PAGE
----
New Orthodox bishop seen as ‘ecumenical collaborator’

Orthodox Christians from parishes and villages across Alaska gathered at St. Innocent Cathedral in Sitka for the Feb. 21 consecration of Bishop David Mahaffey as the new Orthodox bishop for the Diocese of Sitka and all Alaska.

More than 40 priests and deacons were on hand, along with four bishops from the Orthodox Church in America.

Father Leo Walsh, the ecumenical and interfaith officer for the Archdiocese of Anchorage attended the ordination as a Catholic representative. He told the Catholic Anchor that he has met informally with Bishop Mahaffey since his arrival in Alaska several months ago and is “delighted to call him my friend.”

“In Bishop David, not only Orthodox Christians, but all Alaskans are receiving a man of great faith with deep pastoral sensitivities,” Father Walsh said. “I think all Catholics will find him to be an affable collaborator in the work of Christian unity and a tireless shepherd in his efforts to spread the Gospel to all corners of our state.”

At the recent ordination, Metropolitan Tikhon, Archbishop of Washington, laid his hands upon and formally ordained the 61-year-old Bishop Mahaffey. 
 According to a report on the Orthodox diocese’s website, at the conclusion of the liturgy, the cathedral thundered with the singing of traditional hymns in Yupik and Slavonic until everyone had the opportunity to receive Bishop Mahaffey’s blessing and offer congratulations.

On the eve of his ordination, Bishop Mahaffey spoke to his new flock during a vespers liturgy at the cathedral, asking the people in his charge to pray for him.

“I am but a simple man, and of my own self I am capable of very little,” he said. “Please pray that I am kept from pride and from self-importance.”

He then noted his appreciation of Saint Patrick, a man he finds worthy of imitation as a bishop.

“In the Breastplate of Saint Patrick is a prayer I try to pray every day,” Bishop Mahaffey said. “It concludes with these words, ‘Christ in the heart of everyone who thinks of me, Christ in the mouth of everyone who speaks of me, Christ in the eye that sees me, Christ in the ear that hears me.’ May it always be, my beloved brothers and sisters in Christ, that you never see me, but that you see Christ working through me.”

Bishop Mahaffey served as an Orthodox deacon for 12 years before entering the seminary in 1991 to become a priest. In 1993 he was ordained at St. Tikhon’s Orthodox Theological Seminary in South Canaan, Pa., and served as a parish priest before moving to Alaska last year. He has bachelor’s degrees in philosophy and theology, as well as a master’s of divinity. He also has a history of working with Catholics. During his time in Pennsylvania, in addition to teaching at St. Tikhon’s, he served as a professor at Alvernia University, a Catholic college.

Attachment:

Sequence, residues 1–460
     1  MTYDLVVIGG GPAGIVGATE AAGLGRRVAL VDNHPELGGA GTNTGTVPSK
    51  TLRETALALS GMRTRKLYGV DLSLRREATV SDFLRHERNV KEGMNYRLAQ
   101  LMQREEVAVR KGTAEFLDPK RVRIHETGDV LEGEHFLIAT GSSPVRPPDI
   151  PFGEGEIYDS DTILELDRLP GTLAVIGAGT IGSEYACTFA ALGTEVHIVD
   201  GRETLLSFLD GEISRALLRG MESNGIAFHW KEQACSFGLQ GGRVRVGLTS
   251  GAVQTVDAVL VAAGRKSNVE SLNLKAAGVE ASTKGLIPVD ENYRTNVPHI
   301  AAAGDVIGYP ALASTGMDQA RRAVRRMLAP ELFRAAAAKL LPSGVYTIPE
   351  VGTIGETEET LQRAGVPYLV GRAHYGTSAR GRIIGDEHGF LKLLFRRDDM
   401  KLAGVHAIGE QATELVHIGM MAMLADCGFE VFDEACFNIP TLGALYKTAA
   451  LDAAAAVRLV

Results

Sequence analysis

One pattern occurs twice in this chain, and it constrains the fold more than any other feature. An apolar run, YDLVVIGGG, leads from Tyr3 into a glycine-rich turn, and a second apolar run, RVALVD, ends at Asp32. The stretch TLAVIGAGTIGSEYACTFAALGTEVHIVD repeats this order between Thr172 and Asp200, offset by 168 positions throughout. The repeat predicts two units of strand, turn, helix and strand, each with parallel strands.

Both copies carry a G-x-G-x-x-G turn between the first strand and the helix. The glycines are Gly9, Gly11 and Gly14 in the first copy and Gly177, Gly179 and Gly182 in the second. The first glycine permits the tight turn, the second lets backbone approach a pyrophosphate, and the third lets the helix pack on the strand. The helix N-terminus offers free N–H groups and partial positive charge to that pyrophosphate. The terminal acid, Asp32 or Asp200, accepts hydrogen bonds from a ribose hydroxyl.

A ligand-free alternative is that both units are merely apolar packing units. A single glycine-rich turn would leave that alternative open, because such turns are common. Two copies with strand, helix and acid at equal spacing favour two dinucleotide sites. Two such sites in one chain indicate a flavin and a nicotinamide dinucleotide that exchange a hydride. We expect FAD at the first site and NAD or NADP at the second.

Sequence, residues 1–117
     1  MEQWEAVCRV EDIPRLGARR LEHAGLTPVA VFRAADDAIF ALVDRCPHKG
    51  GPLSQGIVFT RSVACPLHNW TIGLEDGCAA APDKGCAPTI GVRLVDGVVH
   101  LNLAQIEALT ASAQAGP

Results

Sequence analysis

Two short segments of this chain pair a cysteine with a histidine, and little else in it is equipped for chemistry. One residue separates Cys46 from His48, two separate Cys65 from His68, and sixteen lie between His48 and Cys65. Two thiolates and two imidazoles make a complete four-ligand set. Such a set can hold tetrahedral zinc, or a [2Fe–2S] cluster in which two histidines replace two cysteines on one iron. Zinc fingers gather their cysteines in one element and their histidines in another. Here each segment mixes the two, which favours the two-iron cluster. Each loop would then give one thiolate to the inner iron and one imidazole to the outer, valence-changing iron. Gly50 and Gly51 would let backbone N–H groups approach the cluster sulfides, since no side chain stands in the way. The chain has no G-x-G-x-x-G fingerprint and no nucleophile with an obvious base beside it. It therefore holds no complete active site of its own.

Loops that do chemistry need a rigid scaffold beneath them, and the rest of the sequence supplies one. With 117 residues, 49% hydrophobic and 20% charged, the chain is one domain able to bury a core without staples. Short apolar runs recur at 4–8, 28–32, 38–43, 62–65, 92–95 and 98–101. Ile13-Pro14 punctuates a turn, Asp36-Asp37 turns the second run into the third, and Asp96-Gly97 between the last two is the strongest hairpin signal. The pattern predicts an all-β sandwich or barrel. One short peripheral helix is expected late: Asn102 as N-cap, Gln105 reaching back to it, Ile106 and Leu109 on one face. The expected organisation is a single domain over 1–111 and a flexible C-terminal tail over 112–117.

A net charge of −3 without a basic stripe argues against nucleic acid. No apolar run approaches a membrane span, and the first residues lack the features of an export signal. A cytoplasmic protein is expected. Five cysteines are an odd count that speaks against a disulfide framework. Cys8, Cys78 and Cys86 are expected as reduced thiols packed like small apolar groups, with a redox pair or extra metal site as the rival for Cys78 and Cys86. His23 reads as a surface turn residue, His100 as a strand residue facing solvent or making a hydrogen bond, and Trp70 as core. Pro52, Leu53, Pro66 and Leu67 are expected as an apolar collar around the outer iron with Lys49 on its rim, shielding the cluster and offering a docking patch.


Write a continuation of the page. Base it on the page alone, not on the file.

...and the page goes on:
ORTHODOX-CATHOLIC RELATIONS

Bishop Mahaffey’s recent ordination comes at a time when the Catholic Church is renewing efforts to restore greater unity with the Orthodox.

The work is being spearheaded by Pope Francis who, in May, is scheduled make a joint pilgrimage to the Holy Land with Patriarch Bartholomew I, the Eastern Orthodox archbishop of Constantinople.

As the Ecumenical Patriarch of Constantinople, Patriarch Bartholomew is “first among equals” in the Eastern Orthodox communion, which includes more than 300 million followers worldwide. The fact that he is committed to ecumenical dialogue with Catholics is seen by many as a hope for greater unity in the future.

As reported by Catholic News Agency, the aim of the upcoming Holy Land trip is to commemorate “the historic meeting” between Pope Paul VI and the Patriarch Athenagoras I, that occurred 50 years ago.

At that 1965 encounter the pope and the patriarch each lifted the mutual excommunications of their predecessors issued in 1054, an event which contributed to the now 1,000-year split between Eastern Orthodoxy and Catholicism, the two historic churches of Christianity that trace their origins back to the time of the Apostles.

In an effort to heal divisions with the Orthodox, Pope Francis has repeatedly presented himself as the Bishop of Rome “which presides in charity over all the churches.” This expression harmonizes with a document published by the joint Catholic-Orthodox theological commission in 2007, which laid out the Catholic and Orthodox understandings of how the Bishop of Rome should exercise his authority over the global church.

“Both sides agree,” the document states, “that Rome, as the Church that ‘presides in love,’ according to the phrase of St. Ignatius of Antioch, occupied the first place in the [Churches’ order] and that the bishop of Rome was therefore the [first] among the patriarchs.”

The document also notes, however, that the sides disagree on the “prerogatives of the Bishop of Rome as [first], a matter that was already understood in different ways in the first millennium.”

For his part, Pope Francis has indicated a willingness to examine how the Bishop of Rome relates to the bishops of the world, a move that may have ecumenical value with the Orthodox.


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